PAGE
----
For the High Line’s Mutations series, Kurz created Salamanderbrunnen; a fountain that circulates Herba-4, Kurz’s imagined “herbal juice of the future,” asking us to imagine the new forms of nature that we create together.
Salamanderbrunnen will be on Exhibit at the High Line, Closest to the Gansevoort Street Staircase, Through April 2018.
The videos and sculptures Jon Rafman (b. 1981)s are comprised of images constantly swallowing one another, much in the way that we consume media ourselves every day. In his commission for the High Line, Rafman presents a sculpture that takes the form of a circle of autophagous animals including a Dog, a Whale, a Lizard, possibly a Pig, and a Human all looped into a speculative food chain.
Jon Rafman’s The Swallower Swallowed is part of the Group Show Mutations, and it will be on view at the High Line Park, West of 10th Avenue right at 23rd Street, Through March of 2018.
Kathryn Andrews appropriates images from popular culture, often American movies, television, and stock photography archives. She then alters and re-contextualizes these images into three-dimensional configurations to create new narratives where viewers are invited to rethink the photographs in relation to their own bodies.
For her High Line Commission, Sunbathers I (not shown, located at 18th Street) and Sunbathers II (shown here), Andrews responds to two contrasting aspects of the elevated park: its relationship to nearby billboards and to the natural landscape. Andrews describes the High Line’s environment as a “hyper-surreal image world,” composed of large-scale advertisements and commercial signs that surround park visitors as they stroll high above the bustling cityscape.
Sunbathers II is a large, horizontal aluminum box containing a giant fan and featuring a photograph of an ice cream cone. The fan’s movement is juxtaposed with the adjacent static image, mirroring the park itself.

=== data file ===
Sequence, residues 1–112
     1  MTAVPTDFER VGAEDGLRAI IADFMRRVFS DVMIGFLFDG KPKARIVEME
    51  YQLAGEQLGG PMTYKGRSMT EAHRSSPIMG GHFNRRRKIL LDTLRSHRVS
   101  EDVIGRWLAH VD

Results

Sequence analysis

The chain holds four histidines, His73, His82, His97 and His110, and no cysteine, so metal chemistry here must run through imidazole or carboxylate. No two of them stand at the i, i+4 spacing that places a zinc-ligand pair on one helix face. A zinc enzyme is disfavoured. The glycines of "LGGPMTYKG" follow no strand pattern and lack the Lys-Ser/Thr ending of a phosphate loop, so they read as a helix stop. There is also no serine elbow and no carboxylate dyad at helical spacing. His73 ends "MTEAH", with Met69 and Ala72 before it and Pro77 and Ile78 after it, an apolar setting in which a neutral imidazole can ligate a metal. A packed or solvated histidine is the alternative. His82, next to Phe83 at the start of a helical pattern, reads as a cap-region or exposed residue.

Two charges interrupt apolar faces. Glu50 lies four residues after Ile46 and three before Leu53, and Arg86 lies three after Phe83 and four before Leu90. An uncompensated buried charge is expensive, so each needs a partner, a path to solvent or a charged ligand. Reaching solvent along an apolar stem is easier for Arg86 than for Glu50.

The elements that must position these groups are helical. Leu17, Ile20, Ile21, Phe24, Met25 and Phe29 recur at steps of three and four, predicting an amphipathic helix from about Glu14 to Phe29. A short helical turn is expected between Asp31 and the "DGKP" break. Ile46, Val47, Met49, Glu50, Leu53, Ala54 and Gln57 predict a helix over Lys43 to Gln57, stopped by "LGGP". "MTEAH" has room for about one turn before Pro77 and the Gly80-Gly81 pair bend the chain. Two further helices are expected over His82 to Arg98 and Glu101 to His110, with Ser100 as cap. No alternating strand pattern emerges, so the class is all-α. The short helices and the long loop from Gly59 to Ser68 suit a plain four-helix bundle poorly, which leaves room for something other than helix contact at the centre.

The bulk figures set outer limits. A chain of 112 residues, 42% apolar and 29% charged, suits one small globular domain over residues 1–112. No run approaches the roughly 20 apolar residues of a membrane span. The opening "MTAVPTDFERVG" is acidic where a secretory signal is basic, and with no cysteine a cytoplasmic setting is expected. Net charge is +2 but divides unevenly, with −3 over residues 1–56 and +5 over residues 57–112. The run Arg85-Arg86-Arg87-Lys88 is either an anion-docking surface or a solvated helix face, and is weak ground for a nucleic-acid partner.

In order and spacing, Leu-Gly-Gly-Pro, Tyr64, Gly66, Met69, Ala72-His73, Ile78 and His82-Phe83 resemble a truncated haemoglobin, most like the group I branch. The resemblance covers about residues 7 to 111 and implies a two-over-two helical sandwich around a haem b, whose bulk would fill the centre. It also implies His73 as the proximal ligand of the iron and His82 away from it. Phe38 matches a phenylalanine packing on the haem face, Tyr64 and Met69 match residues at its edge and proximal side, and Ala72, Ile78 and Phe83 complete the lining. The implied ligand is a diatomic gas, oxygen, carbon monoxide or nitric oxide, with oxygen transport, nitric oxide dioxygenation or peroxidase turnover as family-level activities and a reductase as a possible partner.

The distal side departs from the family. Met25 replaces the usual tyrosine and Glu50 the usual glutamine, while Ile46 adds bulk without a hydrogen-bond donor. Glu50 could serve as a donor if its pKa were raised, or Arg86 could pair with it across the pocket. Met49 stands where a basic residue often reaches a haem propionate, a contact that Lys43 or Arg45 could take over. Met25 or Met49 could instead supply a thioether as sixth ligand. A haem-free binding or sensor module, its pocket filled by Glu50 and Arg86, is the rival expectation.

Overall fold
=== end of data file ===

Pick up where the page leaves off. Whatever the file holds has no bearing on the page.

Kathryn Andrews’ Sunbathers I and II Will Be On Display Through March, 2017.
On my way to a Press Preview at the Whitney Museum last week, I decided to take the scenic route; walking along the High Line from 14th Street to Gansevoort Street. Because why not. As I hit the top of the stairs, I was met with this somewhat disquieting vision.
Yes, creepy! Of course, after a split second, I realized that I was looking at a statue, and not some random bald guy clad only in tight whities, stalking unsuspecting nature lovers in sub-40 degree weather. As it turns out, I had come upon Tony Matelli’s Sleepwalker (2014), part of the Wanderlust series of public art installations along the west side’s elevated High Line Park. Very fun!
For Sleepwalker, Matelli presents a hyper-realistic painted bronze sculpture of a somnambulant man lost and adrift in the world, meandering about in a deep sleep, sometimes it may be cause by not being able to sleep, here are some natural cures for insomnia. An amusing take on the theme of walking, Matelli’s sculpture challenges preconceived ideas about traditional monumental portraiture, and questions the extent to which any one of us is ever fully aware of our surrounding.
And based on what I observed in the five or so minutes I was hanging out, the number of degrading selfies that this poor sculpture is likely subject to on a daily basis is certainly limitless. Oy.
Sleepwalker will be on display on the High Line at 14th Street until March 31, 2017.